Background Although hyperlipidaemia was a well-known risk factor for ischaemic stroke, the association between triglyceride and first ischaemic stroke remains uncertain.
Objectives The present study attempted to explore the relationship between triglyceride and first ischaemic stroke in a Chinese community elderly patients with hypertension.
Methods and results This was a retrospective cohort study. We enrolled 3249 consecutive elderly patients with hypertension from a community in China between January 2010 and December 2011. Patients were divided into four groups based on the quartiles of triglyceride. Multivariate Cox regression analysis, subgroup and interaction test were performed to evaluate the relationship between triglyceride and first ischaemic stroke. There were a total of 3249 participants including 1455 male and 1794 female, with a mean age of 71.36±7.18 years. At an average follow-up of 5.5 years, 205 patients were identified to have first ischaemic stroke. After adjustment for potential confounders, using the lowest quartiles of triglyceride as the reference, multivariable HR (95% CI) for first ischaemic stroke increased in parallel with the quartiles of triglyceride (HRs were 1.56 (95% CI 1.07 to 2.51), 1.74 (95% CI 1.07 to 2.84) and 1.85 (95% CI 1.05 to 2.89)) from the second to the fourth quartiles, respectively (p=0.002 for trend). Subgroup and interaction analysis showed that there was no interactive effect on triglyceride and first ischaemic stroke.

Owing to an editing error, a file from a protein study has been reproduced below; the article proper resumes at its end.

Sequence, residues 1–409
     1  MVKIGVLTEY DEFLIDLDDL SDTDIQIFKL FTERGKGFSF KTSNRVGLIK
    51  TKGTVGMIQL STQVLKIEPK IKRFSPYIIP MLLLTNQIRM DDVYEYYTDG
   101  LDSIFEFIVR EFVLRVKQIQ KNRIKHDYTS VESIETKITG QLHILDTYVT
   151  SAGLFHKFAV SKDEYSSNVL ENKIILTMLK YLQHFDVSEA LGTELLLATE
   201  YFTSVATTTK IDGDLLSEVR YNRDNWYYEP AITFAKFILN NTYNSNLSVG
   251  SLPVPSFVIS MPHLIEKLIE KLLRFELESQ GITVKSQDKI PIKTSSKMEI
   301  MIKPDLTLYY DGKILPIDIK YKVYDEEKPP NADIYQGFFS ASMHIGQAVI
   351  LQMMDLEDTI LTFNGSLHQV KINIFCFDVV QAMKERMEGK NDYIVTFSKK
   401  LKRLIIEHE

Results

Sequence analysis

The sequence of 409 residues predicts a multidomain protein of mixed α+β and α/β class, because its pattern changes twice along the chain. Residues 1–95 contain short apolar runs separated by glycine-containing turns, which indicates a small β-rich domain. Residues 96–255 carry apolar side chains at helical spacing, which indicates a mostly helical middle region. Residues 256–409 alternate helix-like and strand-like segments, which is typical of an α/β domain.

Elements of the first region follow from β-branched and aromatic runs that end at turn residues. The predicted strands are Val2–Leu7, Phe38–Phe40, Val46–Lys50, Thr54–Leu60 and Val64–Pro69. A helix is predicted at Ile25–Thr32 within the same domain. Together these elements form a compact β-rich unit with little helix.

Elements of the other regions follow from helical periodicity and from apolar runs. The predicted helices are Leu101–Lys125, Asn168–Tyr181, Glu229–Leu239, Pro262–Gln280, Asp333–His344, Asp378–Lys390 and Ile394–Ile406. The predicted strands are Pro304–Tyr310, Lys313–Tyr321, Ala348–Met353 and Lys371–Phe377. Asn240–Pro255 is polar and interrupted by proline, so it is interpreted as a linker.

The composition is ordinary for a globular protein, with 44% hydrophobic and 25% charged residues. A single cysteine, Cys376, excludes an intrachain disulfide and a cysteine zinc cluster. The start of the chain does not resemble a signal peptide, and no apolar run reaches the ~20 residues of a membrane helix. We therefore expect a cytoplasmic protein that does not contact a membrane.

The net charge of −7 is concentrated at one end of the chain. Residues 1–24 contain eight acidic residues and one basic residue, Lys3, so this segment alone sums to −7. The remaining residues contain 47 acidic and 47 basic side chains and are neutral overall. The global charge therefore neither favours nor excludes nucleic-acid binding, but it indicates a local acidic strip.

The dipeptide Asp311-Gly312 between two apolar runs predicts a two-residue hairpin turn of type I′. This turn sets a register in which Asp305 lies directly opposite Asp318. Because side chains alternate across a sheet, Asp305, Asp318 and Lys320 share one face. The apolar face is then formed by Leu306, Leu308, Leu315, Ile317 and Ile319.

Conclusion Triglyceride was an independent risk factor for first ischaemic stroke among Chinese elderly patients with hypertension.
- ischemic stroke
- hypertensive patients
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Contributors Y-QH drafted the manuscript and helped with the statistical analysis. Y-QF and BZ participated in the design of the study and revised the manuscript. J-YH, LL, C-LC, Y-LY and S-TT participated in data collection. All authors read and approved the final manuscript.
Funding This work was supported by the Natural Science Foundation of Guangdong Province (No. 2015A030313660), the Science and Technology Program of Guangzhou (Nos. 201604020143, 201604020018, 201510010254 and 201803040012), the National Key Research and Development Program of China (Nos. 2017YFC1307603, 2016YFC1301305 and 2017YFC0909303) and the Key Area R&D Program of Guangdong Province (No. 2019B020227005).
Competing interests None declared.
Patient consent for publication Not required.
Ethics approval This study was in compliance with the principles outlined in the Declaration of Helsinki and was approved by the institutional medical ethical committee of the Guangdong General Hospital, Guangzhou, China.
Provenance and peer review Not commissioned; externally peer reviewed.
Data availability statement Data are available on reasonable request.
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